Article
Between 1999 and 2011, the percentage of Head Start teachers nationwide with an Associate's Degree or higher more than doubled from 38 to 85%. Over the same period, the percentage of teachers with a BA also rose rapidly from 23 to 52%. This paper uses within-program fixed-effects models and a 13-year panel of administrative data on all Head Start p...
Article
Historically, the early childhood care and education (ECCE) workforce has been characterized as a low-education, low-compensation, low-stability workforce. In recent years, considerable investments have been made to correct this, but we lack evidence about the extent to which these investments were accompanied by changes in the characteristics of t...
Article
We use two nationally representative data sets to estimate the prevalence of kindergarten “redshirting”—the decision to delay a child’s school entry. We find that between 4% and 5.5% of children delay kindergarten, a lower number than typically reported in popular and academic accounts. Male, White, and high-SES children are most likely to delay ki...
Article
The success of any governmental subsidy depends on whether it increases or crowds out existing consumption. Yet to date there has been little empirical evidence, particularly in the education sector, on whether government intervention crowds out private provision. Universal preschool policies introduced in Georgia and Oklahoma offer an opportunity...
Article
Over the past decade states have surpassed the federal Head Start program as the primary public funder of preschool slots. This paper investigates trends in Head Start enrollment in the context of increased state investment in early childhood. Using national, longitudinal data I find no evidence Head Start programs in states with expanding state pr...
Conference Paper
Background: The quality of care in early childhood education settings has become a primary focus for improving school readiness and development, with recent estimates demonstrating that two-thirds of all four-year-old children participate in early childhood education, up almost 25 percent from three decades ago (Magnuson, Ruhm, & Waldfogel, 2007)....
Article
Full-text available
Public investment in early childhood education is rising rapidly. Between 1990 and 2008, the number of three to five year olds enrolled in public early childhood education and care programs (excluding kindergarten) more than doubled from 1.2 to 2.7 million children. 2 This rise in public investment – attributed to such factors as growth in female l...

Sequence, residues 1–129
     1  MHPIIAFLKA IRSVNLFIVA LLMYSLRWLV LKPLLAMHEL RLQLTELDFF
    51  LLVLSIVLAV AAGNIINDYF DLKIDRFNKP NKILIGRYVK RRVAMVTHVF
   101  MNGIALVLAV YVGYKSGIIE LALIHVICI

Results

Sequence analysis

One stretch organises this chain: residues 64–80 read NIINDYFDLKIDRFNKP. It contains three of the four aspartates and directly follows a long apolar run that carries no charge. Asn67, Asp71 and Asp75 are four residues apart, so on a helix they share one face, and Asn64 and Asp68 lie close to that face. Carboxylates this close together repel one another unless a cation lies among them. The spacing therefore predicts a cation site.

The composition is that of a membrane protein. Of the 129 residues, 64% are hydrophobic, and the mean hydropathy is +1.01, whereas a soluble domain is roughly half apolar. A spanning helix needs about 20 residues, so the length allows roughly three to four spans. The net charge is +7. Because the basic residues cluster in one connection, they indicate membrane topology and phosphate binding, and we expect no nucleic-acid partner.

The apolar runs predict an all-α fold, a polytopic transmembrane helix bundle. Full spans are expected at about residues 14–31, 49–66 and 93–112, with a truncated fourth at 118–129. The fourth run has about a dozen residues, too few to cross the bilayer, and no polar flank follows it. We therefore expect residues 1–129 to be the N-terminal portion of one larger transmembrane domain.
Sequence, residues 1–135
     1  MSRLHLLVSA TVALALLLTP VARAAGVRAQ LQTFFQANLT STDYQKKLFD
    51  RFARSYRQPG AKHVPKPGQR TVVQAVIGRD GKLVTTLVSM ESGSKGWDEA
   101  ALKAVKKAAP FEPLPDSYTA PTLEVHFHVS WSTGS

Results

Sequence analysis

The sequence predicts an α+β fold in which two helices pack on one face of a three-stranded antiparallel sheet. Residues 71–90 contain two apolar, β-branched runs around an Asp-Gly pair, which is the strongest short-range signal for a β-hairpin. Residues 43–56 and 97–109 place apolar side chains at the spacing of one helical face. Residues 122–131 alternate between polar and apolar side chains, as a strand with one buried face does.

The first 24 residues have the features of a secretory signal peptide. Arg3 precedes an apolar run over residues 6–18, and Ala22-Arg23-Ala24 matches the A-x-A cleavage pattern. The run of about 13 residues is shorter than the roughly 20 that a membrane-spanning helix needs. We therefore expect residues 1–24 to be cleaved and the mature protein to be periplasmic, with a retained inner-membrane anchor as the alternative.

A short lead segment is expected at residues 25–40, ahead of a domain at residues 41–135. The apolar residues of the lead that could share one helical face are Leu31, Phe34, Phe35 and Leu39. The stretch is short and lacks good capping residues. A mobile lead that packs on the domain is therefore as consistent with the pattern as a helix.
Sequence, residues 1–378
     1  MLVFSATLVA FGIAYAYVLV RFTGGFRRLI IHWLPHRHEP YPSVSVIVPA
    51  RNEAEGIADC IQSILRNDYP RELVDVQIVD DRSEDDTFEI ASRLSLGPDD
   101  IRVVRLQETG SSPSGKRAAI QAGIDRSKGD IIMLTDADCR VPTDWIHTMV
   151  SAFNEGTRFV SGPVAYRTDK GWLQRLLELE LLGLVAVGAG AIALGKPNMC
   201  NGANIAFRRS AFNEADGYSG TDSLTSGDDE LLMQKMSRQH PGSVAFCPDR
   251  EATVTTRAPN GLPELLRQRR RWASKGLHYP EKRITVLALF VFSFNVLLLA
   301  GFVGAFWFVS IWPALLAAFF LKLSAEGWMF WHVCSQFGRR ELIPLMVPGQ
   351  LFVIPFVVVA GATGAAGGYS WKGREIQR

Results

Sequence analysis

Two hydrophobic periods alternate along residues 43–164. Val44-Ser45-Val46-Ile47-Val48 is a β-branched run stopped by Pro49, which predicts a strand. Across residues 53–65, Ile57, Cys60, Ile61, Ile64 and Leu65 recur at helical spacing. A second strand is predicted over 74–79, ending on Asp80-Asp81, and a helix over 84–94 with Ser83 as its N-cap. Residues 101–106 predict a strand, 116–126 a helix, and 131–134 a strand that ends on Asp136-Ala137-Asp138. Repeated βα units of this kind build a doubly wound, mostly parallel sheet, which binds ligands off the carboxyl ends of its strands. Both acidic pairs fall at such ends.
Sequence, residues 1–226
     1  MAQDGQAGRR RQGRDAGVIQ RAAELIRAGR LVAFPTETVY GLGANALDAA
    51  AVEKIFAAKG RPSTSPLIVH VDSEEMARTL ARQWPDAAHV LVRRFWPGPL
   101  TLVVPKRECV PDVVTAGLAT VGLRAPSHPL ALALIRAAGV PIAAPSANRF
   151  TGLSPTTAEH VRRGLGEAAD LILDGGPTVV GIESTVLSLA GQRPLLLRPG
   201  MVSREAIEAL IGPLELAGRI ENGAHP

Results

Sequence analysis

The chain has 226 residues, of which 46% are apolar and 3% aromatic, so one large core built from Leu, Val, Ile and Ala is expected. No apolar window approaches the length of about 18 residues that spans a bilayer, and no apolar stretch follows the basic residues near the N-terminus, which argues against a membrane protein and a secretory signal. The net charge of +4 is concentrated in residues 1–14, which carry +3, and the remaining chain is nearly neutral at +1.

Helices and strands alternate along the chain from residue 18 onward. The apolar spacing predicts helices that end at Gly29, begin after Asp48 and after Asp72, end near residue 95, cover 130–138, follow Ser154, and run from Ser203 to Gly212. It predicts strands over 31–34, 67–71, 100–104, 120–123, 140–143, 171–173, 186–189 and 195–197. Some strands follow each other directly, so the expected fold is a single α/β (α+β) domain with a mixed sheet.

Article
Recent studies suggest that the effects of attending preschool vary by race. These findings are difficult to interpret because the likelihood of enrolling a child in preschool also differs across groups. This study used newly released, nationally representative data to examine whether the impact of preschool participation at age 4 varies across rac...
Article
Full-text available
Attendance in preschool centers can yield short-term benefits for children from poor or middle-class families. Yet debate persists in Europe and the United States over whether centers yield gains of sufficient magnitude to sustain children's cognitive or social advantages as they move through primary school. We report on child care and home environ...
Article
This paper examines the effects of different child-care arrangements on children's cognitive and social proficiencies at the start of kindergarten. Using data from the Early Childhood Longitudinal Study, we identify effects using OLS, matching and instrumental variables estimates. Overall, center-based care raises reading and math scores, but has a...
Article
Full-text available
Previous research has demonstrated that attending center care is associated with cognitive benefits for young children. However, little is known about the ideal age for children to enter such care or the "right" amount of time, both weekly and yearly, for children to attend center programs. Using national data from the Early Childhood Longitudinal...

Citations

... Increasing compensation for ECE teachers has been found to significantly reduce teacher turnover , which is very high. One recent study found an annual turnover rate of about 40% in the child care sector in Louisiana (Bellows et al., 2021). Reducing turnover leads to more stable environments for children in care, improving child development outcomes (Markowitz, 2019). ...
... There has been a sustained increased interest in understanding occupational mental health (OMH) from both the academic and practitioners' perspectives. OMH has become a major concern for organizations that are finding it hard to retain talented employees who are either underperforming due to mental health issues or have decided to leave their jobs based on these concerns (1,2). The effects of OMH are also selfreinforcing; any drop in productivity due to mental health issues will lead to further mental health deterioration as the pressure starts to build to bridge the productivity deficit (3). ...